Oil prices fell on Monday as force majeure at Libya’s largest oilfield was lifted, a Norwegian strike affecting production ended and U.S. producers began restoring output after Hurricane Delta.
Brent crude was down 41 cents to $42.44 a barrel by 0650 GMT and U.S. West Texas Intermediate was at $40.18, down 42 cents.
“It’s all about ending production disruptions ... (which) are not helpful in a period with ongoing demand concerns,” UBS oil analyst Giovanni Staunovo said.
Production in Libya, a member of the Organization of the Petroleum Exporting Countries (OPEC), is expected to rise to 355,000 barrels per day (bpd) after force majeure at the Sharara oilfield was lifted on Sunday.
Rising Libyan output will pose a challenge to OPEC+ producers and their efforts to curb supply to support prices.
“If oil demand recovery continues to struggle due to new or stricter COVID-related mitigation measures, the (OPEC+) producer group may need to reconsider the planned tapering of their voluntary supply cuts,” said BNP Paribas analyst Harry Tchilinguirian.
Front-month prices for both contracts gained more than 9% last week, the biggest weekly rise for Brent since June. But both fell on Friday after Norwegian oil firms struck a deal with labour union officials, ending a strike that threatened to cut the country’s oil and gas output by close to 25%.
Hurricane Delta, which dealt the greatest blow to U.S. Gulf of Mexico energy production in 15 years, was downgraded to a post-tropical cyclone at the weekend.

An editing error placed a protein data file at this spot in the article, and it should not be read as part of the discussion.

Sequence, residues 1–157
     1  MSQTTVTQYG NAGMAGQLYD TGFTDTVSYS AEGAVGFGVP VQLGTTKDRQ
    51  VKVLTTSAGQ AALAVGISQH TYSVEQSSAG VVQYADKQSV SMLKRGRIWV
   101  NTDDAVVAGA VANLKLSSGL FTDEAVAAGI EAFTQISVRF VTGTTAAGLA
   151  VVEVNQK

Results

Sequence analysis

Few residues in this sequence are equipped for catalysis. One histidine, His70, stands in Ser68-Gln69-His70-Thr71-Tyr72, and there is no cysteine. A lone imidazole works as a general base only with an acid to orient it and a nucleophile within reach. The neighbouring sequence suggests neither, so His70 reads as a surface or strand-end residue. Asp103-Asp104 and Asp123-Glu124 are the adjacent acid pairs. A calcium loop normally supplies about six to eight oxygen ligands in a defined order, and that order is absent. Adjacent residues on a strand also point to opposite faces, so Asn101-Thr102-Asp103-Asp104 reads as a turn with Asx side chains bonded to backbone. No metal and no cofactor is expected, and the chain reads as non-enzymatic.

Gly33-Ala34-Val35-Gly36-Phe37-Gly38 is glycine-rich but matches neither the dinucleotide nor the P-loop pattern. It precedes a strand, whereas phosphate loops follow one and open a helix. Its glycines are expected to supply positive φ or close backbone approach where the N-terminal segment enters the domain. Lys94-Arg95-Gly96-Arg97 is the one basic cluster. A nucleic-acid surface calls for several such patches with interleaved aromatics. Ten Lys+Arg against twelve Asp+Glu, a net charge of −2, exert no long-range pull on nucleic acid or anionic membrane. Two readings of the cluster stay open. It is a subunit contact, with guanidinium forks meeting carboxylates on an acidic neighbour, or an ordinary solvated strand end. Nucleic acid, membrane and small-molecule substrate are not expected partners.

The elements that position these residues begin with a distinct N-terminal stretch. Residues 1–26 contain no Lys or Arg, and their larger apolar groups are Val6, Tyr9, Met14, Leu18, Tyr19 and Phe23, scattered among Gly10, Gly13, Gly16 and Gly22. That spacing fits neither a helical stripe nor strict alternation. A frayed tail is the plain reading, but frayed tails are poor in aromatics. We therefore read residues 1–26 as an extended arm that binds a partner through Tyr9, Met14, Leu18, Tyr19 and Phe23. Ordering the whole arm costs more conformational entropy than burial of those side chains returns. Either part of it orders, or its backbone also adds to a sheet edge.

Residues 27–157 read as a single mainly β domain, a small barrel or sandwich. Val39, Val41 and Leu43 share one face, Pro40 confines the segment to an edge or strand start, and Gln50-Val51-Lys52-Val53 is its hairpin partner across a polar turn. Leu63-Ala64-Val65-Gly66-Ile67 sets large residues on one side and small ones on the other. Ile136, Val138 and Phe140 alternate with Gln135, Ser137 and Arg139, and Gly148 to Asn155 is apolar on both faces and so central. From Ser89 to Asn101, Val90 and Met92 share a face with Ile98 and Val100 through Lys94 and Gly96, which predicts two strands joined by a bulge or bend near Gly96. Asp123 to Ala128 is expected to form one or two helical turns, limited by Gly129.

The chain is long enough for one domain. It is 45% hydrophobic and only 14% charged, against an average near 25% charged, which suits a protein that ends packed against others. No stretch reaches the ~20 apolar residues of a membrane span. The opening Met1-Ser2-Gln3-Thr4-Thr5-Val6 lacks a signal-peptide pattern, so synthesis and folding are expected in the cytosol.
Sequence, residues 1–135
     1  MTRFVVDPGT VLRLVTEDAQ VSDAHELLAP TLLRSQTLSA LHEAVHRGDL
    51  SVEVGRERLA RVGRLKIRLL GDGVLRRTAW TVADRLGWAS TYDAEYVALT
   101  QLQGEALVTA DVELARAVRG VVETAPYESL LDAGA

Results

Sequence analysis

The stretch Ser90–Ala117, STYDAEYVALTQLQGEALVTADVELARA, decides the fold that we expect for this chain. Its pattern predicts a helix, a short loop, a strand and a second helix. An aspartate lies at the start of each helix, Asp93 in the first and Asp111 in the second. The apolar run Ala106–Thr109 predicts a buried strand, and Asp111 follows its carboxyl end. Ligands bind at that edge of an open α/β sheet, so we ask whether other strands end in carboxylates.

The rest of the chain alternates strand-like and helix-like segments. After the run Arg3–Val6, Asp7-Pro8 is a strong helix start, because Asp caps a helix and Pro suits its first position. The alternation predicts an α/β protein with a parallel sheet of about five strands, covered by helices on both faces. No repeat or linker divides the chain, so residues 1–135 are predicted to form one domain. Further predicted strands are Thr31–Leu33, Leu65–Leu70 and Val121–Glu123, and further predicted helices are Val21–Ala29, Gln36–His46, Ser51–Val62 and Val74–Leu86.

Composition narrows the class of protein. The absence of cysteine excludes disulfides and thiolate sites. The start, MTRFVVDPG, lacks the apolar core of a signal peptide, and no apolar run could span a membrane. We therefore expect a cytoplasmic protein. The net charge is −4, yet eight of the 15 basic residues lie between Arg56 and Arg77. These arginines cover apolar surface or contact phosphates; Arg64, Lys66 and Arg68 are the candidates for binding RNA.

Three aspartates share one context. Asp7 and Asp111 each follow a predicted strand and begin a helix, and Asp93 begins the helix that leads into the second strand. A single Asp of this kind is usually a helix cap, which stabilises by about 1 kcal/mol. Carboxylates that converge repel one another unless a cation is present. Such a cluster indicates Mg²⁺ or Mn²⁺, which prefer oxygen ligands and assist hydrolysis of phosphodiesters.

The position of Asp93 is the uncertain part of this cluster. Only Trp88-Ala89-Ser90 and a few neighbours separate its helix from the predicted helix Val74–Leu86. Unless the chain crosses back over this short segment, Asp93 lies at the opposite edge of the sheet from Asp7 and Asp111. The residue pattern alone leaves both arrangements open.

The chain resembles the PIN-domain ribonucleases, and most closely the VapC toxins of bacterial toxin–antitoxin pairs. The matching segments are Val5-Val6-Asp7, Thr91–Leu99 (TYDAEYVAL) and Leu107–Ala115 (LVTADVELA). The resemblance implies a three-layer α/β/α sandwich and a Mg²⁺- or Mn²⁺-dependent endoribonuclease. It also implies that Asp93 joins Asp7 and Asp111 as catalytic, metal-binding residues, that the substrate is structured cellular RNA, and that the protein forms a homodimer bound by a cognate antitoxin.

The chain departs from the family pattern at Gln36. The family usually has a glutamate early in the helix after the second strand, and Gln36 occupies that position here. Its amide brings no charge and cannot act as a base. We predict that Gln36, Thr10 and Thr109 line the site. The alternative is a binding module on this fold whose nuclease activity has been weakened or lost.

Workers headed back to production platforms on Sunday, and Total SA was working to restart its 225,500 barrel-per-day Port Arthur, Texas, refinery.
Prices were also pressured by a jump in new COVID-19 cases that have raised the spectre of more lockdowns.
Infections are at record levels in the U.S. Midwest and in Britain Prime Minister Boris Johnson is expected to announce new measures on Monday, while Italy is preparing fresh nationwide restrictions.
Meanwhile, Goldman Sachs said the outcome of U.S. elections would not impact its bullish oil and natural gas outlook and that an overwhelming Democratic victory could be a positive catalyst for these sectors.
Reporting by Bozorgmehr Sharafedin in London; additional reporting by Florence Tan in Singapore; editing by Jason Neely